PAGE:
South Asian Leukemia Patient Needs Marrow Donor Urgently

South Asian Leukemia Patient Needs Marrow Donor Urgently

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As she lies in her hospital bed in Boston, dozens of relatives, friends, and total strangers are furiously working to find someone whose bone marrow matches hers.

On Dec. 10 last year, after she was admitted to the ER feeling unwell, 24-year-old Sonia Rai was diagnosed with acute myelogenous leukemia, a form of blood cancer.

The U.S.-born Rai, who has been working as a risk analyst for a Boston company for the last three years, thought she would be in and out of the ER in a few hours. She has not left the hospital since that day, and her Los Angeles-based parents and only sibling, brother Sumit, have been at her bedside almost constantly.

Her doctors at Mass General told the Rai family that her only chance of survival is a bone marrow transplant.

Without wasting a moment, relatives and friends swung into action. They launched a “CureSonia.org” campaign, using Facebook and other social media to urge people to register in the National Bone Marrow Registry.

Most matches occur within ethnicity, but unfortunately, of the eight million people currently registered in the National Bone Marrow Registry, only 1.8 percent are of South Asian descent. A South Asian has a roughly 1 in 20,000 chance of finding a match, so it is important to increase the number of South Asians registered as potential bone marrow donors, said Rai’s Bay Area-based cousin, Kamini Rai Cormier, who is also active in the CureSonia campaign. Siblings have a better chance of being a match, but Sumit is not.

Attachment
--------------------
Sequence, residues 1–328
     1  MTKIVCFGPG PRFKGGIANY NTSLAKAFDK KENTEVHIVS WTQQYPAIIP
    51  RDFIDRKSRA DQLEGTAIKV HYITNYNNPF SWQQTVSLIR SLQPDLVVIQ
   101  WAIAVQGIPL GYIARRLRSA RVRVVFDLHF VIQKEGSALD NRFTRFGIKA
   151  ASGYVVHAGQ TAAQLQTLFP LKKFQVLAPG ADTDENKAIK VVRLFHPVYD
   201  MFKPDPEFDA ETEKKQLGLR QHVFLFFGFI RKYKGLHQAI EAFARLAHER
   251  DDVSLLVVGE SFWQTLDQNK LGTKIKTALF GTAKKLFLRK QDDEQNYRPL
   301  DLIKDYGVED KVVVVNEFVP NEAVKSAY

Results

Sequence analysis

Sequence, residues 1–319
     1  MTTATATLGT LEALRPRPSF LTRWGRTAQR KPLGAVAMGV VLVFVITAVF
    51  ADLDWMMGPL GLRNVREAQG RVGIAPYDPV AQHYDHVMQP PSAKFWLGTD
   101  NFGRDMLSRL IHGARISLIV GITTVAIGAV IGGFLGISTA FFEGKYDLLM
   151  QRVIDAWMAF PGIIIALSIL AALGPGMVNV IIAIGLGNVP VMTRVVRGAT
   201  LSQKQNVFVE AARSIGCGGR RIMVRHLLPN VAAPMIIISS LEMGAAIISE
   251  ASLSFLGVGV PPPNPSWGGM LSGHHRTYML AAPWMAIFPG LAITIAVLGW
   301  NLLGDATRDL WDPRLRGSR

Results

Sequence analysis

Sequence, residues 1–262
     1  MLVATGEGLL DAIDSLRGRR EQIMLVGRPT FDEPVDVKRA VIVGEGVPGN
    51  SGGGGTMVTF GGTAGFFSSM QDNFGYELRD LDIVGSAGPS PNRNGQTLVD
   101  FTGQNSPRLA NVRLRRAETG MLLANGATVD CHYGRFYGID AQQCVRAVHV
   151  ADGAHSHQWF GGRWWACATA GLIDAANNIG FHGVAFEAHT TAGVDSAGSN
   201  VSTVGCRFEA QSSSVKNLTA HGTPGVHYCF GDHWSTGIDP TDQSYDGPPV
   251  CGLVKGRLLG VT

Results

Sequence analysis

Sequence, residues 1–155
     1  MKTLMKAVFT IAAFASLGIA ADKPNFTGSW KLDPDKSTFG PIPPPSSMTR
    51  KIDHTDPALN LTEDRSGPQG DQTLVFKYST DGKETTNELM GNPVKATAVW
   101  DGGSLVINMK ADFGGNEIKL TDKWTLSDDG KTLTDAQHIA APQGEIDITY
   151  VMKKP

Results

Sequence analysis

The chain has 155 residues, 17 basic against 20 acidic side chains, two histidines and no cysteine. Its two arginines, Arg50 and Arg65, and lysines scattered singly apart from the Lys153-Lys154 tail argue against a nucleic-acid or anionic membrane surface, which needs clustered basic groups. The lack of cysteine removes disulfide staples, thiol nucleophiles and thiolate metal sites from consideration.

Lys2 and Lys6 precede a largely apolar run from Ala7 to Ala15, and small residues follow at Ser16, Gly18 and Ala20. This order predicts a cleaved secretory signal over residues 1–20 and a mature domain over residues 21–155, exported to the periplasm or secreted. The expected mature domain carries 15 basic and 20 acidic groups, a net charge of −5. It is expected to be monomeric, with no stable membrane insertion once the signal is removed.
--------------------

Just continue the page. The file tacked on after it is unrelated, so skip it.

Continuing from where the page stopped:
Based on Rai’s genetics, her match will likely be a blend of Southeast Asian and Caucasian, a genetic pool commonly found in Hawaii, the Philippines, Pakistan, Papua New Guinea, Burma, Nepal and northern India.

Registering as a potential bone marrow donor is easy. Registrants must be between 18 and 60 years old, meet specific health guidelines and be willing to donate to any patient in need.

A tissue sample is collected by swabbing inside the registrant’s cheek and the information is sent to the National Bone Marrow Registry.

Since launching the CureSonia.org campaign three weeks ago, the Rai network, with the help of some 500 volunteers, has set up about 100 drives nationwide. Hindu and Sikh temples, mosques, the India Community Center in Milpitas, Calif., and Chinmaya Mission centers have willingly become sites to hold drives.

If a donor match is not found within the next five weeks, Rai might have to have a cord blood transplant, which is not as effective as a bone marrow transplant. There are cord blood registries worldwide that store cord blood taken from the umbilical cord of new-born babies.

Volunteers can get involved by contacting curesoniadrives@gmail.com.